California Travel Log | The Painted Ladies

 

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This is the seventh post in my series covering my recent escapades and adventures in California. For more, check out Leslie’s California Travel Log.

Before leaving on our family trip, I consulted with a friend who knows San Fran like the back of her hand about what we ought to see. (Psst – she’s a writer and has an awesome blog called Destination San Francisco. Go check it out!) Most of the things our family ended up seeing had been discussed with Amanda and were on my page of notes I took during our coffee date. So I have her to thank for giving me the insider scoop!

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The List

My most burning question for Amanda when we met for coffee was, “Where are those bright, colorful tall houses that are all squished together? I want to see those!” Now I know the word for them: row houses. I told her when I think of San Francisco, that is the image that comes to mind. (I am 99% sure a bird documentary I watched in 9th grade called The Wild Parrots of Telegraph Hill* provided this imagery for me. Funny how things stick with you.) Her answer: The Painted Ladies in Alamo Square.

I had to see these houses. On Tuesday after spending the morning in Golden Gate Park, Eric and I set off on our own on the bus to Alamo Square. We were blessed with some sunshine and finally San Francisco started looking more like the place I had imagined all these years. The colorful houses popped against the skyline like they had come straight out of a storybook.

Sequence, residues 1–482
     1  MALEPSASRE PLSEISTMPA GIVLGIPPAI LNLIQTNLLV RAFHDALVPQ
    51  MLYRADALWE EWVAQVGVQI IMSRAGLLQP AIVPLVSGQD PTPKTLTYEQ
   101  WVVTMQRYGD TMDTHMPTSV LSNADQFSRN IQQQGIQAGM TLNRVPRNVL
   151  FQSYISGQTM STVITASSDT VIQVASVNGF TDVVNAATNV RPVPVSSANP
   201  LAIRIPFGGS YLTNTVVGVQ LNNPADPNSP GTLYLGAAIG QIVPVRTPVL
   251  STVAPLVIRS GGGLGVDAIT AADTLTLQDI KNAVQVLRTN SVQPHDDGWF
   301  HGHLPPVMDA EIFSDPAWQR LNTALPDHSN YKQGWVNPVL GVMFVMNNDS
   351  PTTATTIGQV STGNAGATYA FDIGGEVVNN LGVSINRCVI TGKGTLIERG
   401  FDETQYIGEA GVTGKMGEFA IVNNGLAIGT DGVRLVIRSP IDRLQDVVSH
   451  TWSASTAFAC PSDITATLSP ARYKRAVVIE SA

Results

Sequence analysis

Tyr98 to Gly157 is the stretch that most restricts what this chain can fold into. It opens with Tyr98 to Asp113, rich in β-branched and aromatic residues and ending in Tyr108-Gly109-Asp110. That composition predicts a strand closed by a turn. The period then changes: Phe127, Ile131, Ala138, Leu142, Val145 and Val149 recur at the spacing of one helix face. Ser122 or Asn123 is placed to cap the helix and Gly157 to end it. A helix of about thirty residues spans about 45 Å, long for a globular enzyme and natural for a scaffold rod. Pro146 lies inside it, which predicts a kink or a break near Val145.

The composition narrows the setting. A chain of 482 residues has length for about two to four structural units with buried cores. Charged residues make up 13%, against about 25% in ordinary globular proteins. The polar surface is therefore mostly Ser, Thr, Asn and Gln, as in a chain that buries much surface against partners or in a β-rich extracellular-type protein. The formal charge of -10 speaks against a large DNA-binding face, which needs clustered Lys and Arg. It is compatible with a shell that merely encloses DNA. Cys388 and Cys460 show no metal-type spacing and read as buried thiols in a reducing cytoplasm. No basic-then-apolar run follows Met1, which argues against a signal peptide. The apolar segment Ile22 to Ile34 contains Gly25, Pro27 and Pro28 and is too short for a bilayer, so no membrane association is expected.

A sweet photography session taking place at the top of the hill
A sweet photography session taking place at the top of the hill in Alamo Square Park, the best spot to get pictures of the homes all around. The park itself was really nice as well, with tall trees shading a play area and benches it in the center.
Steep incline up to the top of the park in the center of Alamo Square.
Steep incline up to the top of the park in the center of Alamo Square.
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Unique paint colors and intricate Victorian architectural elements stand out on each of these historic homes.

As you can see from the pictures, the trees were a little too tall to get a great shot of the rows of houses. But I like trees, so it was okay.

I couldn’t help but think how fun it would be to take the four girls I nanny here on a warm summer day if they lived here instead of Kansas City. The play area of the park looked like so much fun and it was just so neat to have such a great view and a nice breeze up at the top of the hill on Alamo Square. Of course, KC has great neighborhood parks too, but I think this one is probably greatly treasured by families in the area.

So that’s all for that short post! Kind of a refresher after my 1000+ word essay on the de Young Museum.

You’re in for a treat with the next post! Tuesday night we went to Fisherman’s Wharf, browsed the lobsters and seagulls and crowds, listened to a mind boggling one-man-band, and ate at Boudin’s AND Ghirardelli Square. Oh how I do love food, and beautiful restaurants! I’ve heard some tourists don’t make it past Fisherman’s Wharf on their whole trip to SF, there’s so much to see and do. So be on the lookout for that post coming up in the next few days! It was a blast to experience.

Thanks for sticking with me, team! Seven posts down, only five to go.

Until next time,

Leslie

*P.S. The Wild Parrots of Telegraph Hill documentary is amazing. You should watch it. You might cry.

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